Practice great follow through. Always do what you tell your referral partners you’ll do. And always take good care of anyone they send your way, even if you don’t take them on as a client. You don’t want word getting back to a referral source that you’ve got poor customer service or don’t return phone calls.

Let them see you in action. Opportunities to see you do what you do best can transform a blah “Here’s a trainer’s business card…” referral into a raving one: “You have to work with Trainer X. She’s just amazing. She’ll completely change your life!” Trainers, that could mean offering a Lunch & Learn session for vet staff or training for shelter volunteers, for example. Pro dog walkers, you might share your Dog Walking Academy certification with local dog trainers along with an offer to volunteer time as a handler for private training cases or as a class assistant.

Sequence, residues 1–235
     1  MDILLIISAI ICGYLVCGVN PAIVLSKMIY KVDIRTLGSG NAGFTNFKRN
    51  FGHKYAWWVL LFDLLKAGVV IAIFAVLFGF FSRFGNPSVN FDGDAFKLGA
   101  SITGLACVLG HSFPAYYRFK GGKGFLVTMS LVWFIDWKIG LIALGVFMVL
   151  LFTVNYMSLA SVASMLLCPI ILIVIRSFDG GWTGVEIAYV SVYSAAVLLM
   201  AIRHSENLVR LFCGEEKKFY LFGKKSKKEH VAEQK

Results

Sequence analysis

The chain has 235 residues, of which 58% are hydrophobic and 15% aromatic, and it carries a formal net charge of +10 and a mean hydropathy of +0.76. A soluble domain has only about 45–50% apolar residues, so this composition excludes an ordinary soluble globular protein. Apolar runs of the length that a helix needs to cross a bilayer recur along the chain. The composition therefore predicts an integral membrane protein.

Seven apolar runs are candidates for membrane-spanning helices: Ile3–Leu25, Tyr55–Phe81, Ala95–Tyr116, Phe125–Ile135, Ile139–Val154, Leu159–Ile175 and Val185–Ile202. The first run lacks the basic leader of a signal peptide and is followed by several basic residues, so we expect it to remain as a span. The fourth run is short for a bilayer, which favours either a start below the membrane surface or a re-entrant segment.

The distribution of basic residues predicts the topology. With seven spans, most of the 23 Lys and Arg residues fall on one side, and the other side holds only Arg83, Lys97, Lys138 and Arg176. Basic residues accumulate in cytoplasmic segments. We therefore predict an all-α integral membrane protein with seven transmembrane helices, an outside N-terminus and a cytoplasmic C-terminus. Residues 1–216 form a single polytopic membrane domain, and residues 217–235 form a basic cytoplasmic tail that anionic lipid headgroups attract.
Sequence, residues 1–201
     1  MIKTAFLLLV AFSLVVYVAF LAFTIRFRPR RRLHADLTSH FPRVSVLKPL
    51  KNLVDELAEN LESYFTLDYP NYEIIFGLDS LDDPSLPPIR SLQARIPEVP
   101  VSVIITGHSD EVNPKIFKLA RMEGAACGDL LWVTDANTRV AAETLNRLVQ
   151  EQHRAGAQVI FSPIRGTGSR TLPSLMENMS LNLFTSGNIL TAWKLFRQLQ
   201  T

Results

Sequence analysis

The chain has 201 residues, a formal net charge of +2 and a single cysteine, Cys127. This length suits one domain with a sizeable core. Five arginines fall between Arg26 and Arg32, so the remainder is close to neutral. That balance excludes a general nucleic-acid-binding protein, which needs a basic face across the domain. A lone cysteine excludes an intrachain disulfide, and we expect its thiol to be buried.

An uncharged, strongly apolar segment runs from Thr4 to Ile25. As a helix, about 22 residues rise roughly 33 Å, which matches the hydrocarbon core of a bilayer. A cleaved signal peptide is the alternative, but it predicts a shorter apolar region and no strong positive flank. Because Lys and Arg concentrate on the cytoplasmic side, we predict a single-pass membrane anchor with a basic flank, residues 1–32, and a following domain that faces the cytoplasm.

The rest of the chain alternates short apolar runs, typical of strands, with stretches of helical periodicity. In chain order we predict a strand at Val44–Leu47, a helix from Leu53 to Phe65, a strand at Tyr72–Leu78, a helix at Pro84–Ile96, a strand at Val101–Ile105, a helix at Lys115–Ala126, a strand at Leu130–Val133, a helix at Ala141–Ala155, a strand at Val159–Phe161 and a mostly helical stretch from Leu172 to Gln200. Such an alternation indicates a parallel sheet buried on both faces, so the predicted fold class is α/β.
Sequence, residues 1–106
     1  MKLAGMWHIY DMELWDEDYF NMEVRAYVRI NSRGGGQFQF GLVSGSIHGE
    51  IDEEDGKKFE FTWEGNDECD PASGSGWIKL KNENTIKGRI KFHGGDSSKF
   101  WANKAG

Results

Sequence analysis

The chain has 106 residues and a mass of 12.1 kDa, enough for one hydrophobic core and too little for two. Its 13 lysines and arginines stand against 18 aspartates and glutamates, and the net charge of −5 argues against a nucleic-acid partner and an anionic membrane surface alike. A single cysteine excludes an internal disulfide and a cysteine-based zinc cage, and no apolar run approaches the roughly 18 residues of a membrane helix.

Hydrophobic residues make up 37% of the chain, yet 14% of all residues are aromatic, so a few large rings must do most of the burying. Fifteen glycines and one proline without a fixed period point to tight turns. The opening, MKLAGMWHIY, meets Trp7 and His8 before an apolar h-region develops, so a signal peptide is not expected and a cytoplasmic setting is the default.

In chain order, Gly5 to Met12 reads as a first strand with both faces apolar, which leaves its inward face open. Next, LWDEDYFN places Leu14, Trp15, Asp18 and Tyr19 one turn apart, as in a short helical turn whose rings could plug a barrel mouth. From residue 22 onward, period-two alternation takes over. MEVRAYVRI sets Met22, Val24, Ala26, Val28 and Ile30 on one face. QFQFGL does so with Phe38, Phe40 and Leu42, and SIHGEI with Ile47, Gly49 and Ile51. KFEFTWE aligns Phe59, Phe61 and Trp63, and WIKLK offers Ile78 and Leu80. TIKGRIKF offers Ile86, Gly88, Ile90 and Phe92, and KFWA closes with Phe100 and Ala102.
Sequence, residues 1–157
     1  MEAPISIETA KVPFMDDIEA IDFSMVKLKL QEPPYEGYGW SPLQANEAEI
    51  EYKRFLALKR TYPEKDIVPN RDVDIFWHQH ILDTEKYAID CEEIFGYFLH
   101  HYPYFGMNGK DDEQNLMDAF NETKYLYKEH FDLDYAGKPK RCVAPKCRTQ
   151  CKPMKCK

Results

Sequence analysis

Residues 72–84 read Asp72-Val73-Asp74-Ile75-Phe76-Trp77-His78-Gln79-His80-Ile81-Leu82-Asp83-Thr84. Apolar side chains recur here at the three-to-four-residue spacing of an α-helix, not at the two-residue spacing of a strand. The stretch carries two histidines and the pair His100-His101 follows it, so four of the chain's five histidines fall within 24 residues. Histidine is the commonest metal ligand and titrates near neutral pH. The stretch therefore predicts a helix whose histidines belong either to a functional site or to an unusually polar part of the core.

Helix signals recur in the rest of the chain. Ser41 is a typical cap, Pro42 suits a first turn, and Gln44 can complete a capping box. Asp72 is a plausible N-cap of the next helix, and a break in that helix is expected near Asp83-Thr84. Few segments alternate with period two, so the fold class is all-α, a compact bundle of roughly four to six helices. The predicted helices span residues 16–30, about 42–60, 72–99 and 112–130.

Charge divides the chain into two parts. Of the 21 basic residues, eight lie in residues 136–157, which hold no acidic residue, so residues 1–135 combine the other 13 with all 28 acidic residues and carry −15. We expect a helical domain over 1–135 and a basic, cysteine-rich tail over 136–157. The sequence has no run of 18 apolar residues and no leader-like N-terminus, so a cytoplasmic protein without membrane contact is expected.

Make their jobs easier. Many of the opportunities to see you in action can also be designed to serve your referral partners. That Lunch & Learn session can help clinic staff better recognize early warning signs and reduce bites or teach staff how to recognize signs of separation anxiety and direct clients toward positive training. The training for shelter volunteers can help reduce leash pulling and increase volunteer retention. A competent therapy dog handler can allow a trainer to make much faster progress in their private training work.

Make it easy for them to make you look good